• 50th Congress of the European Societies of Toxicology - 7-10 September 2014, Edinburgh, United Kingdom

      The Conference aim is to “Advance Science for Human and Environmental Health” and we have an exciting programme highlighting new and innovative science and current regulatory topics. There will be a mix of plenary and keynote lectures, symposia, workshops and a full continuing education programme. In addition, there will be interactive poster sessions and a dynamic trade exhibition. EUROTOX 2014 will be THE meeting place for toxicologists from around the world to come together to meet and discuss the key issues facing the discipline today.

    • BNCI Horizon 2020 Retreat - 24-26 March 2014, Hallstatt, Austria

      BNCI Horizon 2020 is an EU FP7 support and coordination action consisting of twelve partner institutions from the field of brain-computer interfaces (BCIs) and brain/neural computer interaction (BNCI). The main aim of this project is to develop a roadmap for the BCI field with a special focus on industrial BCI applications and end users. The outcome of this project will influence the European Commission in their funding decisions for their new framework program Horizon 2020. At the BNCI Horizon 2020 Retreat, participants will discuss the future of BCIs. The BNCI Horizon 2020 consortium will present ideas and concepts for the roadmap, and participants will have the opportunity to provide input, feedback, and comments through keynote talks, targeted discussions, and workshops.

  • Research Headlines
    • A major leap forward in environmentally sound materials
      As the world focuses its efforts on the battle to reduce greenhouse gas emissions and limit the impact of global warming, one significant part of the solution could be the greater use of wood in the construction industry in place of other, less environmentally-friendly materials such as metal or plastic.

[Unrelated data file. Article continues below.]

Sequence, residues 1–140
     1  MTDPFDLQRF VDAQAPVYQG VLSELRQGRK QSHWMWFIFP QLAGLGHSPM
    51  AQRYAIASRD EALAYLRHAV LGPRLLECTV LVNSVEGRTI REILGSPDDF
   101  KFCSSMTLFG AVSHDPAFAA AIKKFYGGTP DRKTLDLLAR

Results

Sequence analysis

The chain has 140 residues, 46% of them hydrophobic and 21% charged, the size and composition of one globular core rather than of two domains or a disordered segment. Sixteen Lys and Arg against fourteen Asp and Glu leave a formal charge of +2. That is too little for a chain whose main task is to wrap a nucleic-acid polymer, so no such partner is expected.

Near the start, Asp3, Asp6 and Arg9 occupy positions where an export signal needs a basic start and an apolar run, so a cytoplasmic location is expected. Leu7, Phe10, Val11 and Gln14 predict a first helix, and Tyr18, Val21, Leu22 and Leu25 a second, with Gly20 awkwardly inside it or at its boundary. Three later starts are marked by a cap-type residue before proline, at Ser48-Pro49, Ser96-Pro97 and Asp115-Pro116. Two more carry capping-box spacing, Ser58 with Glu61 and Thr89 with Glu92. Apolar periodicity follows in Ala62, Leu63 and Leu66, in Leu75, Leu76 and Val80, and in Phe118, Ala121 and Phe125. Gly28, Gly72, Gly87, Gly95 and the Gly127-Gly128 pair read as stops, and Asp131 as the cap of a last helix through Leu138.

Week 6

Friday, 07 February 2014

  • Research Headlines
    • A cost-effective way of tackling soil pollution
      A new method for dealing with soil pollution has been developed which promises better environmental protection, reduced remediation costs and other economic benefits such as enhancing tourism prospects. Developed through the EU’s FP7 programme, the SORBENT project will also contribute to national and EU environmental policy objectives.

Thursday, 06 February 2014

  • Research Headlines
    • Helping young students help themselves
      In Europe, one in seven children will leave school or training early. Many subsequently struggle to find a job and end up psychologically stressed. Meanwhile, their unemployment also impacts society and carries economical costs. The European Union (EU) has set a benchmark to decrease early school leaving (ESL) rates to one in ten children by 2020 – and in February 2013, an EU-funded study was launched in nine countries to help achieve this goal.

  • Success Stories
    • UV-LEDs lower cost of water purification